And from the first listen (subsequent to running in by both Sound United and ourselves), one thing was obvious – these are significantly different-sounding speakers from the previous 805 D3 standmounters. There’s a solidity to the sound – a reality, really – that raises them above the performance of the previous generation. The 805 D3s sounded like very good standmounts, notably able to play loud without distress. The 805 D4s hardly sound like speakers at all. Whatever we played, they delivered the music, but also seemed to meld their talents to the source material in question. Play a nominally-thin 80s’ recording like The Teardrop Explodes’ Colours Fly Away through most standmount speakers and it emerges pinched and weedy.

On the 805 D4s it sounded solidly supported by a full bassline, punchy as hell, with the mix problem clearly revealed as an intrusive snare sound and slightly overjangly guitars: a literal revelation. True, we were giving them the benefit of some solid Classé amplification, but when we repeated the experiment with mere 50W Musical Fidelity power amps, they had no trouble repeating the trick.

And the 805s certainly weren’t artificially pushing the bass, because when we played an acoustically pure recording like Chick Corea’s Australia concerto, that piece leapt into the room acoustically pure. This piece generally shows off the dynamic abilities of speakers, but again here there was no loudspeaker trait as such, just the interplay of instruments across the soundstage, and a notable sense of the room acoustic, especially when drummer Marcus Gilmore, his kit curtained off but not acoustically enclosed, is driving along on his ride cymbal. The only time we winced at treble response was the torture test of Dion’s vocal on I Read It (in the Rolling Stone) when played at high volume, but then we’ve no idea why it was recorded this way. This is really the 805 D4s again telling it like it is; there’s no smoothing down the top when you’re dealing with diamond. If you find it a bit much, toe them a little wider than direct.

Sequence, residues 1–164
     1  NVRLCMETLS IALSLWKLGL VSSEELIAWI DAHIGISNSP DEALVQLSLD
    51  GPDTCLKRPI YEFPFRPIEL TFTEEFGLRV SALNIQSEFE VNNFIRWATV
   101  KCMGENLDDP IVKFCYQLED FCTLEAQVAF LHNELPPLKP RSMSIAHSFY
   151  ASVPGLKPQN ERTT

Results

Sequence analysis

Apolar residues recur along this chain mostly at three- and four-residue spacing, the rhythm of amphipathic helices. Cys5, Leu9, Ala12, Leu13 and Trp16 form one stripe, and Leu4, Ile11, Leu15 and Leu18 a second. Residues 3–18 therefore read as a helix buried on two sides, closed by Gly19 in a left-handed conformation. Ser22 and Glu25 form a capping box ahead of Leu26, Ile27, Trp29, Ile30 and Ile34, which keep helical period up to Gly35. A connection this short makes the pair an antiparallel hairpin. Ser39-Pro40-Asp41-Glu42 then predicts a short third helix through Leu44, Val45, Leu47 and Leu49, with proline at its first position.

But listen carefully first; when we thought kd lang’s usually mellow The Air That I Breathe was sounding a bit bright on the left, it was simply because we’ve never heard the chorusending cymbal rolls in that channel delivered so authentically. This track is beautifully layered, and these speakers imparted every nuance, though only once we’d switched from a 128k MP3 file made many moons ago to our more recent AIFF rip. The truth-telling of these speakers made that mistake obvious even before the end of the opening fade-up.

Classical was, of course, handled with the same spread, soundstaging and subtlety as the jazz. And we enjoyed a good few new recordings too – they drove Amyl and The Sniffers’ Choices with suitable pile-driver energy and rhythm, and excelled at snapping out the percussion of park hye jin’s I Need You. They didn’t like one track with particularly monster bass – Tyler, The Creator’s EARFQUAKE, with which they not only lacked the very deepest stuff on the recording, but had their midrange presentation put in jeopardy under the pressures of trying to go too deep.

Given the Abbey Road connections for the 800 Series, we couldn’t finish without some Beatles. Not the modern digital remasters – we loaded the magnificent Australian vinyl pressing of the 1970 ‘Hey Jude’ compilation LP. While we’ve heard McCartney’s bass emerge still more fully from larger and more heavily-woofered speakers, the 805 D4s filled the room with a rich and realistic performance from this fine slice of vinyl; a minor classic like Old Brown Shoe had McCartney’s tripping bass line filling the left channel (a supposed vinyl no-no), leaving Harrison’s nasal and treated vocal with sufficient central space for clarity. So enjoyable was vinyl, indeed, that we spent the rest of the day cranking more.

And that’s the best compliment we can give the 800 D4s – we could have packed them up and returned our larger reference speakers to their rightful position, but the clarity, the rightness and the occasional revelations of the 805 D4s kept us listening. The hype for the 800 Series is always considerable, of course, but they really do live up to the promises.


Type: two-way bass reflex

Drivers: 25mm diamond-dome tweeter; 165mm Continuum mid/bass woofer

Impedance: 8-ohm nominal; 4.6-ohm minimum

Sensitivity: 88dB (2.83V/1m)

Dimensions (hwd): 440 x 240 x 373mm

Contact: Sound United